A Great Definition of “Bullying” (Not mine!)

 

High school students being bullied.

Last Saturday, I was at some friends’ celebrating the end of rugby season (or rather trying to make it last a little bit longer!) with my husband and two boys. We are not talking adult rugby but Under 9 , so the driveway looked a bit like a school playground gone completely mad with around 15 tough kids running wild!
At one point, I went looking for my 8-year-old as he was nowhere to be seen, and found him, upset, hiding behind the house. He told me that one of the other boys had “bullied” him. I never got the full story but from what I understand, the said boy probably said something mean and carried on playing.

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You can sit with me

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There is one topic I have always been passionate about, as a teacher, a mother and a writer, and this topic is bullying.

I loathe bullying and my heart sinks every time I hear of bullying stories driving beautiful young souls to despair. I believe that no child should feel alone, insecure or threatened.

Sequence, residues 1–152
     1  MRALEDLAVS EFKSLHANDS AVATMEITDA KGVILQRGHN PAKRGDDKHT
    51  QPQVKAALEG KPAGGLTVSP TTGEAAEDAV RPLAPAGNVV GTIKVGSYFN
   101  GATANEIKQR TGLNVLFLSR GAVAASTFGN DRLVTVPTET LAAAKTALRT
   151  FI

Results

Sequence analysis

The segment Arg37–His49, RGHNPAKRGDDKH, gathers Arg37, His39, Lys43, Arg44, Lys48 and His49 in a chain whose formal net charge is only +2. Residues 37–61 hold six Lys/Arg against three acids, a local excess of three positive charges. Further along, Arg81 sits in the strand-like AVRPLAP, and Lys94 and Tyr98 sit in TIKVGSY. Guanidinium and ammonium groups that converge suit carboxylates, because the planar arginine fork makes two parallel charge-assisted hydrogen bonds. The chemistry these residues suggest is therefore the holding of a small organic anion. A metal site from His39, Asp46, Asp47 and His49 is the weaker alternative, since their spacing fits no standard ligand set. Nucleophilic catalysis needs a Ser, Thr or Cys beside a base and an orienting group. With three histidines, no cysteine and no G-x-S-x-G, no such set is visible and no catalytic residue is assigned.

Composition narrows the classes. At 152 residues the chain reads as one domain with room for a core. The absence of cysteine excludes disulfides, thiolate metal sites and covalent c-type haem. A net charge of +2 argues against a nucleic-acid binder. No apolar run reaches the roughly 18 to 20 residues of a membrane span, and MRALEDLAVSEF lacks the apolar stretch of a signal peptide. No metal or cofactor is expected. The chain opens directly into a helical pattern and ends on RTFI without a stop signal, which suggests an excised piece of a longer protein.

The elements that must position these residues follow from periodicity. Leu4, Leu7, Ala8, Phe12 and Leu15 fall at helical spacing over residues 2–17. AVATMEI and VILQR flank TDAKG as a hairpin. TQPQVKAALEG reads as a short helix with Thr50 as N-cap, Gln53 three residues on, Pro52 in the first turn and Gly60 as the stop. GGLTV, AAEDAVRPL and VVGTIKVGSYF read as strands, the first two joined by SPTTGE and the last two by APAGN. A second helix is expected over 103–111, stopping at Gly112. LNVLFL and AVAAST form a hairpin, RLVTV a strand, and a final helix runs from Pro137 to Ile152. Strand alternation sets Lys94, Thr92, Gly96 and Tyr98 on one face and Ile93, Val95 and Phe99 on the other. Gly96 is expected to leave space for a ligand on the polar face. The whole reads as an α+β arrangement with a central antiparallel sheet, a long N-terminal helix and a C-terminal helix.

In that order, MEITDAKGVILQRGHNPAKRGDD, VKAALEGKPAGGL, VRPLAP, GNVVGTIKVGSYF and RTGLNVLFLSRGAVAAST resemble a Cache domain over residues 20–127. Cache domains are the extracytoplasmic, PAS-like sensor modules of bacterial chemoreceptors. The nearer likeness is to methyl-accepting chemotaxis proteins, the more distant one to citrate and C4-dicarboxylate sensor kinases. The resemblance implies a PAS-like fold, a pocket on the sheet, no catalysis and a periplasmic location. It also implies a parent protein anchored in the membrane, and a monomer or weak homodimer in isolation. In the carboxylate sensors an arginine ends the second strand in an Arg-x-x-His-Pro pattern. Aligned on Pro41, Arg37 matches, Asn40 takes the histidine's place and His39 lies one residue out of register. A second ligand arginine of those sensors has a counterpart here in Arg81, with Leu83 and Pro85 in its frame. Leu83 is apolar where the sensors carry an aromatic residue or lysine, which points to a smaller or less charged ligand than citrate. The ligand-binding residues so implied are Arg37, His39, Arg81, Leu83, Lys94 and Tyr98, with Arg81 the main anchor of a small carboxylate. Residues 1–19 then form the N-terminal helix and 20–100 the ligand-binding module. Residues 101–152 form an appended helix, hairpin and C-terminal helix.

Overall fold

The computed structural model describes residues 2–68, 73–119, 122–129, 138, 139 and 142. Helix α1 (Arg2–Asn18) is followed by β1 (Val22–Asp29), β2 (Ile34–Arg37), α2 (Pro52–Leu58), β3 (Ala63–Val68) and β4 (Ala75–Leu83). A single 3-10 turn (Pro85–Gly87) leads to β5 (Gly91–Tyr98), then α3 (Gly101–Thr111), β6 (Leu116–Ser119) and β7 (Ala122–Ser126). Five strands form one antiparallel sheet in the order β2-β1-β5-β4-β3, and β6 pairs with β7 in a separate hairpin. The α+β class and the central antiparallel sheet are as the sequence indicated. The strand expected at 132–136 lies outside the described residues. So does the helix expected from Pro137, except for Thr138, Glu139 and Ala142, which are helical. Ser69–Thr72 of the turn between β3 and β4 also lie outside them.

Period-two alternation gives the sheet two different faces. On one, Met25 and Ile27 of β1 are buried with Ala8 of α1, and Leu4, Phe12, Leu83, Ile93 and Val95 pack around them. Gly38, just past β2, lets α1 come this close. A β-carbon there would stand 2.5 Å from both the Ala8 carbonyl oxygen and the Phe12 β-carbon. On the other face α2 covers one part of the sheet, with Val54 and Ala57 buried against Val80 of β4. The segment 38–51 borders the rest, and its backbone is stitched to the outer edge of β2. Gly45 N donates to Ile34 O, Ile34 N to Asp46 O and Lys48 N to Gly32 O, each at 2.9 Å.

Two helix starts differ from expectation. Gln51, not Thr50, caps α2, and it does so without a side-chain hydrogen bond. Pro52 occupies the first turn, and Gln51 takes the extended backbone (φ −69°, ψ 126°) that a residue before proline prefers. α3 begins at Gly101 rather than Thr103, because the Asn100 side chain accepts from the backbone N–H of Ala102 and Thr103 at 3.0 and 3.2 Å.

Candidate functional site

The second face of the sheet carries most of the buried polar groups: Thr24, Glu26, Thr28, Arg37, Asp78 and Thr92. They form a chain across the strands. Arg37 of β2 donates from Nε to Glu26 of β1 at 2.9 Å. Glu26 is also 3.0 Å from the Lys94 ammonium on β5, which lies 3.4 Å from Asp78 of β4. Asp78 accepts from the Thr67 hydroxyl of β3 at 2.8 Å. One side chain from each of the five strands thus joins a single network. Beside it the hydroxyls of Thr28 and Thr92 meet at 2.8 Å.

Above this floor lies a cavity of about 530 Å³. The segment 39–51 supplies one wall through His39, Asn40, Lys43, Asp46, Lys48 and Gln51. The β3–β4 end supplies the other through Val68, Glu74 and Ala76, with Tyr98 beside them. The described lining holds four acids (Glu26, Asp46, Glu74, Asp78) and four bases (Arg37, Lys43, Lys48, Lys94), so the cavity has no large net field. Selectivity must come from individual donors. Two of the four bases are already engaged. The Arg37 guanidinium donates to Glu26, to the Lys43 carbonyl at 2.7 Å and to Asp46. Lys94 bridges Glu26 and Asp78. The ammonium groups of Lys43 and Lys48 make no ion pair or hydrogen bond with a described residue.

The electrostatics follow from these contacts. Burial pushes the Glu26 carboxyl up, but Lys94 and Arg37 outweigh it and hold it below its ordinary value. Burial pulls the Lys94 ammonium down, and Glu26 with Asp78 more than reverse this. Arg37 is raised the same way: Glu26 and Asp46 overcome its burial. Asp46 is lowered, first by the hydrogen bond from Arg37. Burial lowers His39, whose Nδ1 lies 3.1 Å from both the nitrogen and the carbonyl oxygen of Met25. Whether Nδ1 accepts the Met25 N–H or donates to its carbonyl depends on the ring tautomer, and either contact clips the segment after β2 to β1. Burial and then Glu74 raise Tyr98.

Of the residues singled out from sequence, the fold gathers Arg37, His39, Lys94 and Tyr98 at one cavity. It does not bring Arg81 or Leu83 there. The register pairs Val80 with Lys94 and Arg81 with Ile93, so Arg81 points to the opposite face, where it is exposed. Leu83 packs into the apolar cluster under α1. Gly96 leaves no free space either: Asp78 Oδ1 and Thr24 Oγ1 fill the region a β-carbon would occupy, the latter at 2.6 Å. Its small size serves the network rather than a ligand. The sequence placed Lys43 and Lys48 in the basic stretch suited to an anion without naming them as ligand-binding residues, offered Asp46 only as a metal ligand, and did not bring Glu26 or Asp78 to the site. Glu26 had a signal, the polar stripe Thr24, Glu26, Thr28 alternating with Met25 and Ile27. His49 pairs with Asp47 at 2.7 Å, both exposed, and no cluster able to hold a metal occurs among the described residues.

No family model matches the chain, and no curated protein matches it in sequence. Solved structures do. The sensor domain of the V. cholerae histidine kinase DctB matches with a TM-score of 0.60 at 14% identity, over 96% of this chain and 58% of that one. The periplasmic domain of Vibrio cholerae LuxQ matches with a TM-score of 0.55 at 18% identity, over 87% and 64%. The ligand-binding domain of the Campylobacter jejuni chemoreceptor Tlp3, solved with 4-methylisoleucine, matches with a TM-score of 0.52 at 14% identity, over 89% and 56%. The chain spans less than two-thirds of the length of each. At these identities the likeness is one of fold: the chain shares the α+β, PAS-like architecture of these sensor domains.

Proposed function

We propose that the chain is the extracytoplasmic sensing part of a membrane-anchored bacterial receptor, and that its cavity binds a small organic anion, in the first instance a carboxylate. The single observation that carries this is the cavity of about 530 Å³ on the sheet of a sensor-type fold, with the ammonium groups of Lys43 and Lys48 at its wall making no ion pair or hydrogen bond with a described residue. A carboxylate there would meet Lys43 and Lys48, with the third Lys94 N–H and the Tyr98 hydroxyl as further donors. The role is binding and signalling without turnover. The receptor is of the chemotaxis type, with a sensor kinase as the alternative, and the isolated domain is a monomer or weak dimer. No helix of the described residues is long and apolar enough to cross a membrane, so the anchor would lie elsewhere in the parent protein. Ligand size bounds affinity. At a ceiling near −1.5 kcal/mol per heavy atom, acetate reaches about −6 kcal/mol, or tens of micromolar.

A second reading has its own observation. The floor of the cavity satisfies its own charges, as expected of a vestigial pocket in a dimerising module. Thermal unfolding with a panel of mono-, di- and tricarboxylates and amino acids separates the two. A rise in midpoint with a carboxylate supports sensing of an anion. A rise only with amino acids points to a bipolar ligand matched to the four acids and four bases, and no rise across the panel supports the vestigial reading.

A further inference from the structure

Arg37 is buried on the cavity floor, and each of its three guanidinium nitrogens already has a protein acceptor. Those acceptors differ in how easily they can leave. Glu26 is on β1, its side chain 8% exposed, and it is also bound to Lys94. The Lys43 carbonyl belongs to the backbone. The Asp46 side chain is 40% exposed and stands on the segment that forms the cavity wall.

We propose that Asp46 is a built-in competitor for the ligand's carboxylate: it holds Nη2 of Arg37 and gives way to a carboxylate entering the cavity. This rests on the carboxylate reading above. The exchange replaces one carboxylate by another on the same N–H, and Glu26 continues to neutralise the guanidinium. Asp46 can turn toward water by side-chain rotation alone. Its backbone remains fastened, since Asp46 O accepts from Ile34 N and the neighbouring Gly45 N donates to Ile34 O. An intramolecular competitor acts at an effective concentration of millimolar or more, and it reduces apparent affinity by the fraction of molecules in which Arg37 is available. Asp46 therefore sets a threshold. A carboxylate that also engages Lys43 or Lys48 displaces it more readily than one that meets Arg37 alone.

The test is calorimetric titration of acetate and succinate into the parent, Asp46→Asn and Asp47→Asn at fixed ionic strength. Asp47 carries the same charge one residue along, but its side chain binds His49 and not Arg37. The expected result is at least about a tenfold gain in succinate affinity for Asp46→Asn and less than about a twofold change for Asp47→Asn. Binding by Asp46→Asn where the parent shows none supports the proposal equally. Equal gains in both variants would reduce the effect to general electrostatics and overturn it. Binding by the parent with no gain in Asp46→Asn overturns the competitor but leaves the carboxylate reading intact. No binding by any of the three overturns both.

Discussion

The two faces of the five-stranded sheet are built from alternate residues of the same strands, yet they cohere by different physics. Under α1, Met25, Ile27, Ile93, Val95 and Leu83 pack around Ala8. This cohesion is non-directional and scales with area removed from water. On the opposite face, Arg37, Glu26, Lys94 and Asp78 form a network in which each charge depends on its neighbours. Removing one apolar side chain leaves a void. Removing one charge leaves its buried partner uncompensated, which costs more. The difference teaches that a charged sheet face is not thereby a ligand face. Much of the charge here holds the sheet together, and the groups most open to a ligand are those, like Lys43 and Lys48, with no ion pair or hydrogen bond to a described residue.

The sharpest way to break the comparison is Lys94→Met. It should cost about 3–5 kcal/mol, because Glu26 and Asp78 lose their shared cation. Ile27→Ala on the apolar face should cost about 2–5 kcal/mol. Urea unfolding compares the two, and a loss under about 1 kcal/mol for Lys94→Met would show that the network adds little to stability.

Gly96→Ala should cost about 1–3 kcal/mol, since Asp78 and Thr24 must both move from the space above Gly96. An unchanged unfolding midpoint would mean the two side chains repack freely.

So when I see a campaign or an initiative which goal is to help eradicate this sneaky from of violence, I need to share it with the world! And I cross fingers people will get on board and help fight this worldwide epidemic.

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Bullying ou le harcèlement scolaire

Over the years, I have found myself faced with the difficulty of having to translate the word “bully” in an educational context.

When I moved to England and was made aware of the extent of the phenomenon through the media, my translator’s mind started ticking … Bullying was also the central theme of my first book “Le pacte des bouffons”. I had to find words to describe a “bully” in French but was never entirely satisfied with the result (“bourreau” still seems a bit too medieval!).
The matter was then made worse and my mind ticked even more…

So I browsed and read and asked many questions…

Though the word “bully” is commonly and often used in English, the French language does not seem to offer a “perfect” equivalent which would convey the same meaning, have the same connotations, or be part of the same register. Also, this subject is often discussed and tackled in countries such as the UK, Australia, the United States, Japan and Canada for example, with campaigns, debates and many books. In France on the other hand, it seems to me that up until recently, the subject was too often avoided or overlooked. This could explain why there is no word commonly used in French to describe a “bully”. Continue reading